Swaffham Bulbeck Summer Theatre

The Grand Duke

The Grand Duke, or The Statutory Duel opened on March 7, 1896 at the Savoy Theatre, London. This last G&S opera ran for only 123 performances.

In the Grand Duke, Gilbert and Sullivan come full circle, back to the theme of their first collaboration: A troupe of actors takes political power. The Grand Duke suffers from many of the same problems as Utopia Limited — it has a long and rambling libretto — and it calls for more principal quality voices than the typical G&S opera. Nevertheless, the story contains a number of hilarious moments and funny characters, the settings are colourful and the music is cheery and flavourful. Some find this opera to be the most underrated of the G&S works.

Ludwig, an actor, replaces the company manager, Ernest, and then he replaces the miserly Grand Duke Rudolph of Pfennig Halbpfennig, after “killing” each of them by drawing the ace from a deck of cards in two “statutory” duels. By winning the statutory duels, Ludwig assumes all of Ernest’s and Rudolph’s rights and obligations. Soon he finds himself with far more wives, and prospective wives, than he knows what to do with. Never fear: once again, a lawyer solves the problem and all ends happily.

Grand Duke Show Dates

12th June 2019, 7:30pm
13th June 2019, 7:30pm
14th June 2019, 7:30pm
15th June 2019, 2:30pm (matinee)
15th June 2019, 7:30pm

The Grand Duke – Cast List

Angela Roebuck

Musical Director

Lynne Bullen



William Hale


Anna Murgatroyd


Lizzy East


Gavin Jarvis

Rudolph Grand Duke

Jeremy Lander


Sally Goldsmith


Tim Winn

Prince of Monte Carlo

Øistein Andersen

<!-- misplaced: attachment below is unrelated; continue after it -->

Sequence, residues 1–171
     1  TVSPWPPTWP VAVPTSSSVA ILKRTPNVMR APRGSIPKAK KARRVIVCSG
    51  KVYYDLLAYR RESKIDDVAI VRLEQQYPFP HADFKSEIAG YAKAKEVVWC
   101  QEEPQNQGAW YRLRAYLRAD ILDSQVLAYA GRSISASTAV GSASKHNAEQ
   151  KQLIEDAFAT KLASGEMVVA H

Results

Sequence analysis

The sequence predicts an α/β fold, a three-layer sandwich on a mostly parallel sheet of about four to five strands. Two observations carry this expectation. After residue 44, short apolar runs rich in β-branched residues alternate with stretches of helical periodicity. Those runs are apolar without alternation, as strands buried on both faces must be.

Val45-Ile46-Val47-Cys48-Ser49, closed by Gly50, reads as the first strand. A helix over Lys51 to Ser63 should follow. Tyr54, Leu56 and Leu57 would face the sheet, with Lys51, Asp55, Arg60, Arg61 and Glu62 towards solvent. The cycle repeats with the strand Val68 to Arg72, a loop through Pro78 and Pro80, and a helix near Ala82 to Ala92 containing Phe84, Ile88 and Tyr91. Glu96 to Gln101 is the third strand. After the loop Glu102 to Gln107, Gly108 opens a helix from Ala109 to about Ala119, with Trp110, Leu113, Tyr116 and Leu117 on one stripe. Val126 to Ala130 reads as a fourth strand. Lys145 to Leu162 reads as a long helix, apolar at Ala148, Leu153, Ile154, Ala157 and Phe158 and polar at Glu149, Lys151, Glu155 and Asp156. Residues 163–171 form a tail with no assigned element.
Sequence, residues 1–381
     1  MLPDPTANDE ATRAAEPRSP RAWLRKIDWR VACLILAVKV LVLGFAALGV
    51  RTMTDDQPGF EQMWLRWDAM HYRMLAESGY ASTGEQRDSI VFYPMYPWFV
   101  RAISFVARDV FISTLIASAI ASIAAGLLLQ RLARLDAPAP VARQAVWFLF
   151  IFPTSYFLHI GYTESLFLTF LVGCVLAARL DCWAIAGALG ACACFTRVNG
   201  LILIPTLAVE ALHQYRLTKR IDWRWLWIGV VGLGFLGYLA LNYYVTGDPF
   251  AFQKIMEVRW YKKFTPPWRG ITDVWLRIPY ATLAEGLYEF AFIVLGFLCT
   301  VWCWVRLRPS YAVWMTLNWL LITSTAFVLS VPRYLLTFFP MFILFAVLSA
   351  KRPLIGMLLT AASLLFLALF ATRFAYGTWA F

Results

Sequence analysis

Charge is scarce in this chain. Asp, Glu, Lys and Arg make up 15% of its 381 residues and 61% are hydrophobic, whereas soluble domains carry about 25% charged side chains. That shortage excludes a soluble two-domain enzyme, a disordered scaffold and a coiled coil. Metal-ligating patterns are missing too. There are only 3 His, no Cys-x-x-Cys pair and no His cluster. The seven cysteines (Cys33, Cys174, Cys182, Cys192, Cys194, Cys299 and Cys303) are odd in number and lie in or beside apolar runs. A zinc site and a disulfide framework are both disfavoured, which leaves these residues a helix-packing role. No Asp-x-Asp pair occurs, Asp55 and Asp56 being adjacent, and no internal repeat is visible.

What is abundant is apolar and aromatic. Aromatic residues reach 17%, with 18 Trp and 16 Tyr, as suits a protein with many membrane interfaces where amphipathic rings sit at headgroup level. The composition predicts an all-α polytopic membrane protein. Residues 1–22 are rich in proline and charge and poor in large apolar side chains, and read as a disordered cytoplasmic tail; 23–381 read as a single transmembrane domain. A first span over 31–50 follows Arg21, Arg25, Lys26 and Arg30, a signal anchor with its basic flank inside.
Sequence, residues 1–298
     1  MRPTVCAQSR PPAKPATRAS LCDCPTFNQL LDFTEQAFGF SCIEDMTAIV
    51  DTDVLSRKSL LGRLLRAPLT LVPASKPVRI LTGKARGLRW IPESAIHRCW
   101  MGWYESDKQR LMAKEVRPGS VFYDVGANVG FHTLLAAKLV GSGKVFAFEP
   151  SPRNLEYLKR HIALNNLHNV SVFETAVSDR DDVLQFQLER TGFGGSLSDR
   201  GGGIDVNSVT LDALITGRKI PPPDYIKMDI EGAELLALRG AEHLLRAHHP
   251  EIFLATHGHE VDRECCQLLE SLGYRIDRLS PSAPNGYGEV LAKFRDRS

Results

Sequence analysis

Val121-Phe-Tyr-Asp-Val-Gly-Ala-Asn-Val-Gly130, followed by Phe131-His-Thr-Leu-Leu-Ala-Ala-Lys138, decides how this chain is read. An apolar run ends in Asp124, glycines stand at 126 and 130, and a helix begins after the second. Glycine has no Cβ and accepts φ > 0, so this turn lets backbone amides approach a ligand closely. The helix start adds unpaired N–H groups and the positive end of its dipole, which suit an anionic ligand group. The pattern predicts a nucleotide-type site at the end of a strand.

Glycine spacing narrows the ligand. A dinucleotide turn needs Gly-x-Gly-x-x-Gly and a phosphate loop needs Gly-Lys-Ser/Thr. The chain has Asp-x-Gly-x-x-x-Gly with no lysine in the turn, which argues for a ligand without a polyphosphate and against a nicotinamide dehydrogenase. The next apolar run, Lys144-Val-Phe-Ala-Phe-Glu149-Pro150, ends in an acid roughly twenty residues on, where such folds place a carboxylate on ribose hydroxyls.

Caille Peri


Geoff Reed


Elizabeth Rossi


Liz Herrington


Ruth Dennis


Victoria Olphin


Steve Aronson


Owen Johnson

Production Team

Peter Bullen

Production Manager

David Hincks

Stage Manager

Lynne Bullen


Lynne Bullen Close
Lynne Bullen has sung since she was 10. She has been Director and performer since SBST began except for the very first one in 1981. She has been involved with Shelford Opera group and also Cambridge Operatic Society, serving as Chair and committee member for both groups. She has also directed several G and S operas at Shelford.Lynne loves narrow boating and visiting her son in New Zealand.She hates people who don’t use their indicators whilst driving and who also drive with defective lights.She is an avid Sheffield United supporter.

Diane Hincks


Natasha Flores

Set Design

Natasha Flores Close
Natasha has been involved with the scenery production for SBST and (excluding 2013) a member of the chorus since 2012. Throughout her school years and for a while after, art and music played a significant role, but then took a back seat until 2010 when Natasha rediscovered her love of all things creative and musical: returning to class to study art and design, taking up dancing as a hobby and subsequently joining SBST. Since her involvement in the production of the scenery and, bearing in mind her extreme fear of heights, Natasha’s assessment of each operetta is based on how much high level painting is involved. The Pirates of Penzance is her definite favourite so far.

Mary Smith

Draperies and Props

David Stubbings


Jo Charlesworth

Make Up Team Manager

Jean Watts

Chief Steward

Gerard and Margaret Chadwick

Licensed Bar

John Latham

Production Crew & Publicity

Kay Ballard

Auditorium Decor

Simon Andrews

Poster Design

Jonathan Giles


Jonathan Giles Close

Princess Ida will be Jonathan’s second SBST production and the first where he was involved in live performances. Having accompanied Pirates during rehearsals last year, he is enjoying Princess Ida as a more mature work by Sullivan – alongside the trademark G&S characteristics are some musical sequences that could have been written by a much earlier classical composer.Performing G&S is rather different from his other musical preoccupations: apart from being responsible for the music (including directing the Choir) in Burwell Parish Church, he accompanies Cantilena at some of their concerts and also D’Musica Reach, a choir for people living with dementia and their carers. Being an accompanist is a very good discipline for an organist who might otherwise be prone to meglomania with the loudest instrument in the building at his disposal!Jonathan enjoys being involved as our early hesitant notes and steps evolve into an exciting and polished production – his main regret is that he generally misses the best comedy moments as he is watching the music and the conductor rather than the stage.

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